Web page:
Shar­ing meals around the din­ing ta­ble can have far-reach­ing ben­e­fits, es­pe­cially for our chil­dren

Sunday Tasmanian - Tassie Living - - LOCAL FOOD - MATT PRE­STON

NOTH­ING strength­ens that fa­mil­ial bond quite like shar­ing a meal. We eat to­gether to cel­e­brate good times, to get over hard times and to build mem­o­ries.

I have long be­lieved that hap­pi­ness comes not just from eat­ing well but also eat­ing to­gether. Whether it’s that tier of wed­ding cake served at a first baby’s chris­ten­ing, a birth­day feast, or a sand­wich and a cup of tea after a fu­neral, eat­ing to­gether is an es­sen­tial part of ev­ery mile­stone of our lives.


There is noth­ing new in the think­ing that chil­dren eat bet­ter at the fam­ily din­ner ta­ble.

A US study in 2000 led by Har­vard Med­i­cal School’s Dr Matthew Gill­man found chil­dren who had din­ner with their fam­i­lies ate more fruit and veg, and less sug­ary drinks and fried food.

Other re­search has shown that chil­dren, over time, are more ac­cept­ing of new food choices when they are pre­sented at the din­ner ta­ble. Another cru­cial part of get­ting younger chil­dren to eat more fruit and veg is for you to eat and en­joy the same whole­some in­gre­di­ents in front of them.

When it comes to teach­ing your kids good eat­ing habits, it’s im­por­tant to teach them to say “no” to bad food choices at the din­ner ta­ble. You can also en­cour­age them to eat slowly and mind­fully, so they know when they are full and when to stop.


Re­search by the OECD (Or­gan­i­sa­tion for Eco­nomic Co-op­er­a­tion and Devel­op­ment) across three-quar­ters of the world’s coun­tries found that kids who ate with their fam­ily were less likely to play tru­ant or be obese.

And, ac­cord­ing to a study by the Na­tional Cen­ter on Ad­dic­tion and Sub­stance Abuse (CASA) at Columbia Univer­sity, chil­dren who eat din­ner with their par­ents five or more days a week tend to have fewer is­sues with drugs and al­co­hol abuse, eat health­ier, show bet­ter aca­demic per­for­mance, and re­port be­ing closer with their par­ents than those who eat din­ner with their fam­ily less of­ten.

Con­versely, eat­ing alone can be a fac­tor in alien­ation, re­duc­ing chil­dren’s un­der­stand­ing of what con­sti­tutes ac­cept­able be­hav­iour, and have an im­pact on their ver­bal rea­son­ing and vo­cab­u­lary.


Eat­ing as a fam­ily at least five times a week seems to be the ideal min­i­mum. This means eat­ing home-cooked food at a ta­ble with all im­me­di­ate fam­ily mem­bers present, ac­cord­ing to a re­port into Aus­tralian teenagers’ at­ti­tudes to the fam­ily meal.

In a 2010 sur­vey of ado­les­cents in West­ern Aus­tralia, 58 per cent de­scribed fam­ily meal­times as “very im­por­tant” and 38 per cent de­scribed them as “quite im­por­tant” show­ing that here, too, the much-re­ported demise of the fam­ily meal might be a bit of a fur­phy.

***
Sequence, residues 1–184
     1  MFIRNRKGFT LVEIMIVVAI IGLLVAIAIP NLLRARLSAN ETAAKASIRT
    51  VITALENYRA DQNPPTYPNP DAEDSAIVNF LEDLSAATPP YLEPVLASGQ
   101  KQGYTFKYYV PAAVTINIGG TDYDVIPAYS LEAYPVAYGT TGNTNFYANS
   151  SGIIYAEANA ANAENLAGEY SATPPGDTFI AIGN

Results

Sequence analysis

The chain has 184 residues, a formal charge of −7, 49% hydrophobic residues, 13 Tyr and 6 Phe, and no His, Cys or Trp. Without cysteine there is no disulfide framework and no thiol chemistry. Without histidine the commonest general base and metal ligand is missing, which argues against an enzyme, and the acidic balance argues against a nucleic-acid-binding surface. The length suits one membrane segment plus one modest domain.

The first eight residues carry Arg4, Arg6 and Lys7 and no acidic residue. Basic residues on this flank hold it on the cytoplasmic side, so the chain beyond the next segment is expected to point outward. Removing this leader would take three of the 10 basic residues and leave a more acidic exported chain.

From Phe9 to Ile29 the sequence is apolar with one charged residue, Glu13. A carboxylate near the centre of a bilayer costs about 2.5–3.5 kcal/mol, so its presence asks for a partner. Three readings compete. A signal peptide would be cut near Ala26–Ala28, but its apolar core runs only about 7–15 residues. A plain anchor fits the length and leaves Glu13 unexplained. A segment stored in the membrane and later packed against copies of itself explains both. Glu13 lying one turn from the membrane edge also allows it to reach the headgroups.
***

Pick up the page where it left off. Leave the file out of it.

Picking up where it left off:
How­ever, while four out of five meals eaten are home-cooked, 36 per cent of our meals are still eaten on the couch in front of the telly. While I might frown at this nor­mally, may I sug­gest this is an ex­cel­lent de­ci­sion if you are eat­ing din­ner at 7.30pm, Sun­day to Thurs­day, from early May on­wards.


An in­crease in chil­dren’s ex­tracur­ric­u­lar ac­tiv­i­ties plus par­ents’ longer work­ing hours have all im­pacted on the abil­ity for fam­i­lies to eat to­gether.

But fear not. CASA found that while 20 per cent of kids who eat with their fam­ily less than three times a week get Cs or lower,this dropped to 9 per cent for teens who eat fam­ily meals more reg­u­larly.

Plus a paper tabled at the Euro­pean Con­gress on Obesity in Bul­garia in 2014 showed that chil­dren were 40 per cent

more likely to be over­weight if they didn’t eat din­ner with their par­ents at least twice a week. This is be­cause meals eaten out­side the home, like fast food, tend to be higher in fat, salt, and calo­ries.


An in­creas­ing body of re­search is sug­gest­ing that giv­ing kids chores to do can have long-reach­ing, pos­i­tive im­pacts. Chil­dren who have to do chores are found to have bet­ter self­es­teem, learn to deal with frus­tra­tions bet­ter, are more re­spon­si­ble and even do bet­ter at school.

A study from the Univer­sity of Min­nesota showed chil­dren who were given chores at a young age (three to four) grew up to be more suc­cess­ful at work and less likely to use drugs.

Per­form­ing these tasks to­gether as a fam­ily unit en­cour­ages co­he­sion. Just as im­por­tant, though, is con­ver­sa­tion. Re­move the tele­vi­sion, phones and other de­vices from the fam­ily meal. En­cour­age chil­dren to share their views and make sure that you re­ally lis­ten to them.

I don’t be­lieve any­one should leave the ta­ble with­out ask­ing, or be­fore ev­ery­one has fin­ished. This isn’t just about teach­ing man­ners. It’s about re­spect and the so­cial­i­sa­tion of your chil­dren. So ev­ery­one who eats (bar the cook) should con­trib­ute to set­ting the ta­ble, clear­ing and wash­ing up.

In my view, this also helps to an­chor the idea that a fam­ily meal should be a truly shared ex­pe­ri­ence.

BREAK­ING BREAD Eat­ing to­gether helps fam­i­lies bond.

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